Companies need to evaluate the potential impact of downtime on their business by considering factors such as financial losses, customer dissatisfaction, and reputational damage. This will help decide acceptable levels of downtime and recovery time for your organization. Additionally, it’s important to assess the IT provider and their resources. Determine necessary technology, personnel, and processes in place to achieve the desired RTO and RPO. Lastly, it is important to consider any regulatory or compliance requirements that may affect disaster recovery planning. Ensure RTO and RPO align with these obligations to avoid any legal or financial consequences. By considering these factors, a proper RTO and RPO can be decided for your business.

Strategies for Achieving RTO and RPO

There are several strategies to be implemented to achieve desired RTO and RPO goals in disaster recovery planning.

  1. Prioritize systems: Identify critical systems, applications, and data essential for business operations. Focus on recovering these first to minimize downtime and ensure business continuity.
  2. Implement redundant systems: Consider implementing redundant systems or backup solutions to reduce risk of data loss and minimize recovery time. This can include using backup servers, cloud storage, or off-site data centers.
  3. Regularly test disaster recovery plan: Regularly test disaster recovery plan to ensure its effectiveness and identify any potential gaps or weaknesses. This can involve conducting simulated disaster scenarios evaluating an organization’s response and recovery capabilities.
  4. Invest in reliable technology: Ensure IT infrastructure is equipped with reliable and up-to-date technology. This includes hardware, software, and network infrastructure that can support quick data recovery and minimize downtime.
  5. Train staff: Provide training and education to staff on disaster recovery procedures and protocols. This will help staff have confidence and be prepared during a real crisis and can minimize the time it takes for the recovery process.
  6. Monitor and update the plan: Continuously monitor and update the disaster recovery plan to reflect any changes in business operations, technology, or regulatory requirements. Regularly review and revise RTO and RPO goals to align with evolving business needs.
  7. Consider outsourcing: If your organization lacks resources or expertise to effectively manage and implement a disaster recovery plan, consider outsourcing to a reputable disaster recovery service provider. They can help ensure RTO and RPO goals are met while providing expert support and guidance.

Achieving desired RTO and RPO levels can minimize the impact of a disaster on your business. Peace of mind about company data is achieved when there is a qualified, experienced MSP (Managed Service Provider) looking for you. At 4BIS Cyber Security, we have thirty years of experience. We love knowing we are keeping our client’s data secure and their employees working!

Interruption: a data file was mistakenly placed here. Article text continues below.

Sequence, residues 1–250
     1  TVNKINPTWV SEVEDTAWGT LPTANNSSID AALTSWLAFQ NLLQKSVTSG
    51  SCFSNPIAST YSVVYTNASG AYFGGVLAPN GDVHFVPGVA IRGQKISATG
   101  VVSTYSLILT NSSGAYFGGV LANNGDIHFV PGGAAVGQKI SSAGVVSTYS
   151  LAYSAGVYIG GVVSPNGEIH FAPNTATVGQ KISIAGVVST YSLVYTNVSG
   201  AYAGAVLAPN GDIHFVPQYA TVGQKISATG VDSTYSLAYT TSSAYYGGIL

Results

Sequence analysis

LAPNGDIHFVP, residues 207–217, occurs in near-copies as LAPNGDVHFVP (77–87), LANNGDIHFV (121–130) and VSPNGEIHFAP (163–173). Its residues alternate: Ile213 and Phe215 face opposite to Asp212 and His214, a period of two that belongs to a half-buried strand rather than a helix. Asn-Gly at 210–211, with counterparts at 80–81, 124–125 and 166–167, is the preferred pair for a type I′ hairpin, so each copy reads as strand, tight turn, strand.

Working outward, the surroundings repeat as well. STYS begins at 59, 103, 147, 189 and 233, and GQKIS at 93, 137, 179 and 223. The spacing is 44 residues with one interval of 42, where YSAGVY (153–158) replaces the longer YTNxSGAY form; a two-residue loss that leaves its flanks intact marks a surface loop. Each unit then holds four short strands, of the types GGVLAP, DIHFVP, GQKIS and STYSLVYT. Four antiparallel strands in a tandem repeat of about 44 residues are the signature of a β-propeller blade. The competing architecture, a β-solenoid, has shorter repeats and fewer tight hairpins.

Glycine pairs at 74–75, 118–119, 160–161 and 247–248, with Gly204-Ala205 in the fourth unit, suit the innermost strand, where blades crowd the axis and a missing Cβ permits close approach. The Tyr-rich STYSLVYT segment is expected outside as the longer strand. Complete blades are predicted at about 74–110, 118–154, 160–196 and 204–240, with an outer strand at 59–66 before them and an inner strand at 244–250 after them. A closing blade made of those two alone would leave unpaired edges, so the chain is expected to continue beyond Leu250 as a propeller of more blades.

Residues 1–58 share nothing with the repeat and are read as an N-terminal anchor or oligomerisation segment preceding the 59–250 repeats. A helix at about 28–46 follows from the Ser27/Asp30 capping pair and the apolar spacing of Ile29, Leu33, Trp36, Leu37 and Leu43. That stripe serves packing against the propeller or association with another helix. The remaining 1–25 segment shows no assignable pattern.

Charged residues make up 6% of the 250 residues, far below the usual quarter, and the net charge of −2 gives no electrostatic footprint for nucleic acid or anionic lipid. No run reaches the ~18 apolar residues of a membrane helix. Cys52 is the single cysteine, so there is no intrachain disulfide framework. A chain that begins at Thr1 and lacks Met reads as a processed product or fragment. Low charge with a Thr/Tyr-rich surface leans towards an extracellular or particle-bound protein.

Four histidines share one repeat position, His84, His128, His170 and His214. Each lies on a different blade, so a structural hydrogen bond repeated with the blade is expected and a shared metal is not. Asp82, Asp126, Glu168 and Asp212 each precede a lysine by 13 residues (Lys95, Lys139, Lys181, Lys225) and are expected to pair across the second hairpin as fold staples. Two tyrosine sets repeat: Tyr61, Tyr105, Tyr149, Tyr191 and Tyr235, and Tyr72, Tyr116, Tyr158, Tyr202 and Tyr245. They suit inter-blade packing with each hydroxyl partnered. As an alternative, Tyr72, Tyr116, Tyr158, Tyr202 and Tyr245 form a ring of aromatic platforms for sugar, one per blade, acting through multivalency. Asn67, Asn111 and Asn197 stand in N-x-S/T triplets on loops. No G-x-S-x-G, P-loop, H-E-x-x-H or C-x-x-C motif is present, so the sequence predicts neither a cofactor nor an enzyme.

Contact us to discuss what data strategies would work best for your company.


  • Christina Teed

    Christina is a highly experienced professional with over fifteen years of work in various fields. She holds a Bachelor's degree in English Education and Theatre, which has provided her with a strong foundation in communication. Throughout her career, Christina has developed a diverse range of skills including program management, public speaking, leadership development, interpersonal skills, education, operations, project management, and leadership. At 4BIS Cybersecurity, Christina has held several roles including working as a tech on the helpdesk, various administrative responsibilities, digital creator, and content creation. With her wealth of skills and experience, she brings a unique blend of creativity, communication, and leadership to her work, making her a reliable and effective professional. However, Christina's favorite role in life is that of a dedicated wife and mom.

  • Jon Fausz

    Jon Fausz is a best selling author, Cybersecurity, and IT professional with over 16 years of experience. He is guided by a passion to continue learning and to pass that knowledge on to others. Jon is the primary cybersecurity trainer at 4BIS leading hundreds of training sessions and presentations. As the head of the cyber risk assessment department Jon has overseen the auditing of countless company networks. Jon has extensive experience in IT support and company management. This gives him a unique perspective to advise companies on their cybersecurity posture. He knows that cybersecurity is a balance between security, ease of use, and budget.

    Visit Jon's Amazon Author Page!